After a year of hustling in Charleston, Spanglish leases West Ashley restaurant to open this May

Miami takes West Ashley

Spanglish owners Lynda and Tomas Prado have announced they’ve secured a West Ashley brick and mortar, 652 St. Andrews Blvd., with plans to open Spanglish Cocina + Bar this May.

The building, which operated as Bluerose Cafe until yesterday, Tues. March 26, is owned by The Montford Group, a consulting and development company that bought the cafe in January 2018 from Denis O’Doherty, who owned and operated Bluerose for 14 years.
The Prados say they’ve signed a five year lease on the building, with an option to extend. “We really want to cater to the neighborhood,” says Lynda. “It will be a very approachable place, you can come once or twice a week — hopefully three times a week! We’re always going to be there, we want people to feel like they’ll always be able to connect with us.”

It was exactly a year ago that we first reported on the Spanglish concept when they started a month-long residency at The Daily in April 2018, moving into a Workshop stall in May. After leaving Workshop in the fall, the Prados hustled. Like, really hustled. When we chatted with the Prados in January, Lynda said, “It’s been a lot of heavy lifting, not only the physical but the mental — but it’s worth it.”

[embed-1] Spanglish Cocina + Bar will be open six days a week for dinner, with weekend brunch and plans to possibly open for lunch and breakfast in the future. Michael Whiteley and Timur Dmitriyev of Caribbean-inspired Dalila’s on Spring will oversee the bar program and the Prados will continue to provide the L.A. vets with their Spanglish eats. Expect to sip on painkillers, daiquiris, and mojitos. (The Prados help furnish food at Dalila’s downtown.)

Tomas, a first-generation Cuban-American, will continue to cook up his Miami/Cuban/Lowcountry inspired dishes, from the popular Cubano sandwich to Pescado en Coco.

Aesthetically, Lynda says they’re trying to channel Miami vibes in the new space, redecorating the interior with “lots of neon, lots of white.” “We’re going to completely transform it … within budget and reason.”

Before they open Spanglish Cocina + Bar in May — “could be early May, could be mid-May” — the Prados say they’re continuing to pop up around town. “We’ve been talking with Kwei Fei about doing a mini chef duo with Dave [Schuttenberg], and we’ve already scheduled a dinner pop-up on a Monday with Felix for a menu preview,” says Lynda.

“We’ve been able to build our brand and connect to the community,” says Tomas. “It’s been a great ride.”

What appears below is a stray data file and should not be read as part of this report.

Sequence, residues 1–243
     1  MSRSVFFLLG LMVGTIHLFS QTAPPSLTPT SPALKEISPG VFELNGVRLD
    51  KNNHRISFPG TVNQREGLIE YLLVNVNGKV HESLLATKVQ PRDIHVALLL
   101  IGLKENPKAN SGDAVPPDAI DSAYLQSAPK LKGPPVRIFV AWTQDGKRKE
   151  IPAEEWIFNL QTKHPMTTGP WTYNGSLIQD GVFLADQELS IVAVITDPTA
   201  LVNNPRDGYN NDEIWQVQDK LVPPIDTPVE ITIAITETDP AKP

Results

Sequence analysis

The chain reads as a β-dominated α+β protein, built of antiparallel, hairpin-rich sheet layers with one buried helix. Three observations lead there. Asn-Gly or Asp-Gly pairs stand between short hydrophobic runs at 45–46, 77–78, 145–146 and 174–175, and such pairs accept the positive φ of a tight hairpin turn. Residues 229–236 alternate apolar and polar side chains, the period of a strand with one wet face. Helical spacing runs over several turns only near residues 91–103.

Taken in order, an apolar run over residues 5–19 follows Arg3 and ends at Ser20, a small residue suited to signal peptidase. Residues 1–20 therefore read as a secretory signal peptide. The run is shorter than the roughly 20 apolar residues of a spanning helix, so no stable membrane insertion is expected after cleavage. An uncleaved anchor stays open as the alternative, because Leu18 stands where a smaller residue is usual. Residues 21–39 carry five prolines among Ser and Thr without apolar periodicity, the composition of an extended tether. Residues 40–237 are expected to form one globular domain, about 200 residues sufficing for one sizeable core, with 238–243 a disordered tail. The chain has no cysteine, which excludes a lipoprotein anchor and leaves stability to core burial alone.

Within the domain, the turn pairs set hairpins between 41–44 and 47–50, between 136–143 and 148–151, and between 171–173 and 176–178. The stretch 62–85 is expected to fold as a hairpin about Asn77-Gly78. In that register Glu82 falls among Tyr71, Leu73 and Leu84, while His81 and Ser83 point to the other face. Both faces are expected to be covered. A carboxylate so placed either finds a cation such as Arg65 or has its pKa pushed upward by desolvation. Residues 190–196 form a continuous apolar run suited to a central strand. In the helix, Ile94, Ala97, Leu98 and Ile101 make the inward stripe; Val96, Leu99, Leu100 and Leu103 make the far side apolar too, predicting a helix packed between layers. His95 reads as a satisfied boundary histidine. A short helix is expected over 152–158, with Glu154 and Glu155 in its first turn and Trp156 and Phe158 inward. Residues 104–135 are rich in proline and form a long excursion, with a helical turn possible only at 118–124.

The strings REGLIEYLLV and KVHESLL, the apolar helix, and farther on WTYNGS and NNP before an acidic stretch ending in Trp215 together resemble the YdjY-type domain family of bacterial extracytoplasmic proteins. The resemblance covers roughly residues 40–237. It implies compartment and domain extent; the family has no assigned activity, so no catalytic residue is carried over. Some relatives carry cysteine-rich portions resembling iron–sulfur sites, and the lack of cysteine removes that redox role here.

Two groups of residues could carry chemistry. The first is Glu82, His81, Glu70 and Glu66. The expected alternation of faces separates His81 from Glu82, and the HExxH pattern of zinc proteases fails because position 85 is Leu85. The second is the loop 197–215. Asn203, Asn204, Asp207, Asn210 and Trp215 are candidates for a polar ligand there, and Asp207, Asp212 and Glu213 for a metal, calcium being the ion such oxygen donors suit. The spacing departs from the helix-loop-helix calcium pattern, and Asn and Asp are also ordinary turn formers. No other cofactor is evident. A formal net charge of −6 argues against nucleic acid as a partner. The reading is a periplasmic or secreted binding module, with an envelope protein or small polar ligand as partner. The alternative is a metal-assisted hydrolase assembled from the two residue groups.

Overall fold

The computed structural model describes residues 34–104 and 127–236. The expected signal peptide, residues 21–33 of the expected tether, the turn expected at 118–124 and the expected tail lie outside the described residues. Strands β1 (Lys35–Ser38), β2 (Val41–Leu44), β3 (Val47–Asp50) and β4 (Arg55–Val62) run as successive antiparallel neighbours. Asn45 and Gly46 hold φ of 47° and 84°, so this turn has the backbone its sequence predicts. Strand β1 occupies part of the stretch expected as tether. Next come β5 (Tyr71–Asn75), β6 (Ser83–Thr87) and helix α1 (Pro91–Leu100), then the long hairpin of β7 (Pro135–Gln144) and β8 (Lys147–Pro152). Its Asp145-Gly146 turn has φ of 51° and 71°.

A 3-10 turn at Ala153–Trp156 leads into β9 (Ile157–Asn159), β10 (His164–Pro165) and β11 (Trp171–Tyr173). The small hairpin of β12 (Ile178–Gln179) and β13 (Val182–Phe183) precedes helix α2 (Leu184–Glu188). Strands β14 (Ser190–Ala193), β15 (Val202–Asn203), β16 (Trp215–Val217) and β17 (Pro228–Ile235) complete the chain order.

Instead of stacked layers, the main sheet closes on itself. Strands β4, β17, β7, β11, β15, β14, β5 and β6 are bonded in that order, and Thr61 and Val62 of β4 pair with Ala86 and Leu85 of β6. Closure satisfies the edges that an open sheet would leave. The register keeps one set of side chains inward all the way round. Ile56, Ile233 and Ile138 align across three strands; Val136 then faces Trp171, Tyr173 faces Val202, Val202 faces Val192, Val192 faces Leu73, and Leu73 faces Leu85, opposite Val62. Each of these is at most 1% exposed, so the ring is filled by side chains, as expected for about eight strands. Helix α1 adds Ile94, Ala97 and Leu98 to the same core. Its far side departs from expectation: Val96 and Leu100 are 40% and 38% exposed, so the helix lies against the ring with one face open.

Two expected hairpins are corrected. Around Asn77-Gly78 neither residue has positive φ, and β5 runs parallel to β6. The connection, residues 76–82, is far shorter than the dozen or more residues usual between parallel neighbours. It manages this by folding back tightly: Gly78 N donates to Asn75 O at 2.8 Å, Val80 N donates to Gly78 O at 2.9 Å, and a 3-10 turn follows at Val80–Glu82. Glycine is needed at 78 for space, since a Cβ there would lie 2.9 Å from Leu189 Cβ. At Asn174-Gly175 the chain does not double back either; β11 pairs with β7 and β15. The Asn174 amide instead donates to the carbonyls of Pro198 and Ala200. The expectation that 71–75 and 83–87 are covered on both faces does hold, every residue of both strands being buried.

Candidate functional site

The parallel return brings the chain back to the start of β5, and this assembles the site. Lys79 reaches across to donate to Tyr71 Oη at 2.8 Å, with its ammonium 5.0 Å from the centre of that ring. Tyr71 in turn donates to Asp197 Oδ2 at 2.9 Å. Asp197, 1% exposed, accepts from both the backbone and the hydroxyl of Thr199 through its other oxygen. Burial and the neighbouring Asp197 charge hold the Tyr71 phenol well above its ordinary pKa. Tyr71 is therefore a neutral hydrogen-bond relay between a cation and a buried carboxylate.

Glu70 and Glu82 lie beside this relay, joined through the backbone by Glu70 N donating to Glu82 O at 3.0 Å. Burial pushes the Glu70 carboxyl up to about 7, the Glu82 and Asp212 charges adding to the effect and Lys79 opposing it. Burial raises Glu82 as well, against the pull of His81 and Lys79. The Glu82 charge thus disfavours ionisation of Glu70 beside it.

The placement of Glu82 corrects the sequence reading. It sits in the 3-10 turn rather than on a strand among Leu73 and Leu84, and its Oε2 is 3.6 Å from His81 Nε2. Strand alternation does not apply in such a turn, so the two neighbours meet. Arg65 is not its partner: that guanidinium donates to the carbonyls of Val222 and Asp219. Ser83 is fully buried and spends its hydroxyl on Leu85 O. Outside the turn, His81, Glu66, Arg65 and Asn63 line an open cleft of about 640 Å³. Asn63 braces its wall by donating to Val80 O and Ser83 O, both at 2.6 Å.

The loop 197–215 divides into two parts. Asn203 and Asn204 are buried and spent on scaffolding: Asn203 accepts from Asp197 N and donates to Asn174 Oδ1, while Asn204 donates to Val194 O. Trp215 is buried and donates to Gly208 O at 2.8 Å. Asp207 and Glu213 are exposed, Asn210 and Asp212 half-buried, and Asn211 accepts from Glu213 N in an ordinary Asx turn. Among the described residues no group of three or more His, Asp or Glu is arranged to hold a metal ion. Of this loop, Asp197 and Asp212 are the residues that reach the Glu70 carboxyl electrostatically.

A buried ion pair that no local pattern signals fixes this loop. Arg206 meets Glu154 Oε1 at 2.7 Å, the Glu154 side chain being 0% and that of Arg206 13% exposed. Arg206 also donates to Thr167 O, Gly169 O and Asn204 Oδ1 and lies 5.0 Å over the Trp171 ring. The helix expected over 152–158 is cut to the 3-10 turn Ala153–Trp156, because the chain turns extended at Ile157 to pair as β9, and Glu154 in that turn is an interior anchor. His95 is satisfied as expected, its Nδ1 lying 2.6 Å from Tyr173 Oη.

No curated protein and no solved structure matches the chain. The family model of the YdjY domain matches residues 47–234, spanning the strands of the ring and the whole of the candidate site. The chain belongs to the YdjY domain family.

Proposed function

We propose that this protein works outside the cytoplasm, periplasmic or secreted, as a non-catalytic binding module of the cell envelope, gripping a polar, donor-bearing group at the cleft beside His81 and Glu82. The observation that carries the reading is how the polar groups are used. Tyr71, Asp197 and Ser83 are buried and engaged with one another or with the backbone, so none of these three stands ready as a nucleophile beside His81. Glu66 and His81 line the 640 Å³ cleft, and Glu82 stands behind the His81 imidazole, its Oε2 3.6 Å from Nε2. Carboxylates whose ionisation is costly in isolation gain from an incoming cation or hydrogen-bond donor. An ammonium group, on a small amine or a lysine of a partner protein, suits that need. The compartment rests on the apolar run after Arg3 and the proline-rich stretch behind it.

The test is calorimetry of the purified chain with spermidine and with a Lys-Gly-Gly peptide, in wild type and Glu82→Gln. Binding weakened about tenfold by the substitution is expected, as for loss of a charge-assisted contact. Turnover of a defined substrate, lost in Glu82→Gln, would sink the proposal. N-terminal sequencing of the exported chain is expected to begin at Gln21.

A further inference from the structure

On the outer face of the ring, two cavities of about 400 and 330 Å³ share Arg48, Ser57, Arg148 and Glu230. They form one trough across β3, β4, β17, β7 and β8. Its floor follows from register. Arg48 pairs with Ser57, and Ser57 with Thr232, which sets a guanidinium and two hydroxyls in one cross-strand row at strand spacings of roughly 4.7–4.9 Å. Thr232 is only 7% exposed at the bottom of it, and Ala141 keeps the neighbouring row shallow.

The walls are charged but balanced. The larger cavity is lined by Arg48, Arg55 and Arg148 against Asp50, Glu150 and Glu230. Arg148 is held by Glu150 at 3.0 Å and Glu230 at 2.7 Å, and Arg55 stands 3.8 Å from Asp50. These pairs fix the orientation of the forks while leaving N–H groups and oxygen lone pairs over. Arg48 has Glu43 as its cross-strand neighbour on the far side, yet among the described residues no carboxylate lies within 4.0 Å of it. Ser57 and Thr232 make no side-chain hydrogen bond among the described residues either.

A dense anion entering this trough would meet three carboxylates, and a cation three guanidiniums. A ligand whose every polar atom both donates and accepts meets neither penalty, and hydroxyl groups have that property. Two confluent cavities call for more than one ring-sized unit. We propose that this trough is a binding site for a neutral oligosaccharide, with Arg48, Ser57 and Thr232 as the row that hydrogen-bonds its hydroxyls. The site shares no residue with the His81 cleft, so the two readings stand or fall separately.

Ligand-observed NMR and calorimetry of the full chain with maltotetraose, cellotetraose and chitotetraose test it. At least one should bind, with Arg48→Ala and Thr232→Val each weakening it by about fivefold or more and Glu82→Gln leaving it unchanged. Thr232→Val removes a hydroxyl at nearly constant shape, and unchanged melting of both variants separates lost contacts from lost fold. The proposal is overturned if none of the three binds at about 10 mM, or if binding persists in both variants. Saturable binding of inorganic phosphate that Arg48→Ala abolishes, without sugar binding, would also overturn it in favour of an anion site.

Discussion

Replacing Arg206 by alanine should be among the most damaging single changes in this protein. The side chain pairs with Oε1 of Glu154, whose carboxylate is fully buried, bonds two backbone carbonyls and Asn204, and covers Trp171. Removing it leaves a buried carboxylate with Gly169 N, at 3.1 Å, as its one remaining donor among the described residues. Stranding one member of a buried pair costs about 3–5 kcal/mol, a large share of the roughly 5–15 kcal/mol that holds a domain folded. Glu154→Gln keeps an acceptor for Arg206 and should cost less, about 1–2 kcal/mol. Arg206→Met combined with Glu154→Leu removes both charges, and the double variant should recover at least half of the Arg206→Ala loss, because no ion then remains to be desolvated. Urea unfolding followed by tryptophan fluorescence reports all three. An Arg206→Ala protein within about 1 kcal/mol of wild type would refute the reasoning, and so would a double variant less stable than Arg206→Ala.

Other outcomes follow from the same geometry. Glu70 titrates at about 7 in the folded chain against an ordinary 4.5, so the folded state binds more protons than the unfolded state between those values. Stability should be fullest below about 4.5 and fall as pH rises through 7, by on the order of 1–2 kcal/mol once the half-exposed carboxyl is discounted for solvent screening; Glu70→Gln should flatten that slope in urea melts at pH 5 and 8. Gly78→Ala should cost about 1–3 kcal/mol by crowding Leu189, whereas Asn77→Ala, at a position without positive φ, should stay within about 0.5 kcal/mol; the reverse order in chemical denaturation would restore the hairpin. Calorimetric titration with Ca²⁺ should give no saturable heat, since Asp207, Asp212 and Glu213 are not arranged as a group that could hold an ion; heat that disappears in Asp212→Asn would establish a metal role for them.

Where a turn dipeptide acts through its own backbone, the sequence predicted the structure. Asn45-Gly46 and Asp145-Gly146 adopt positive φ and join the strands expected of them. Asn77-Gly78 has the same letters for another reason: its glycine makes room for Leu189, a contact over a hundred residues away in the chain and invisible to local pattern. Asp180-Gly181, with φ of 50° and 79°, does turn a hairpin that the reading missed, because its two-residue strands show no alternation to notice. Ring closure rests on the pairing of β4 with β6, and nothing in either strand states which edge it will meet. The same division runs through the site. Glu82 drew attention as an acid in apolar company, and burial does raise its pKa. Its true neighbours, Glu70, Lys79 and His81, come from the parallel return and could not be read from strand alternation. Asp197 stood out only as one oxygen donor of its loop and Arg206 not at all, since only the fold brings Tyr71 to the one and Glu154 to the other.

Support the Charleston City Paper

We’ve been covering Charleston since 1997 and plan to be here with the latest and Best of Charleston for many years to come. In a time where local journalism is struggling, the City Paper is investing in the future of Charleston as a place where diverse, engaging views can flourish. We can't do it without our readers. If you'd like to support local, independent journalism:


Gaillard Center’s 2020-2021 season features Broadway musicals, chamber orchestras, and an iconic dance company

While so much of the world has seemed to come to a standstill, area arts organizations and venues continue to plan for their upcoming seasons — offering a shimmer of hope at the end of this coronavirus tunnel. The Gaillard Center promises “10 sensational performances” during this upcoming season, including two Lowcountry Broadway premieres.

Brookgreen Gardens opens new outdoor exhibit, “Southern Light,” on May 15

Murrell’s Inlet’s Brookgreen Gardens is currently open, 9:30 a.m.-7 p.m. daily. And, after its original opening date was delayed due to the coronavirus pandemic, Bruce Munro’s massive outdoor light installation, Southern Light, will open to the public on Fri. May 15.

Sam Reynolds

Sam Reynolds, a Lowcountry folk songwriter who now resides in Vermont, released a collection of soft, subtle, and stirring piano instrumentals on May 1 titled Broken Tulips.

Charleston Wine + Food Festival says 2020 event had $19.9 million local economic impact

A survey by the College of Charleston reports that 54% of the 28,000 Charleston Wine + Food attendees were local.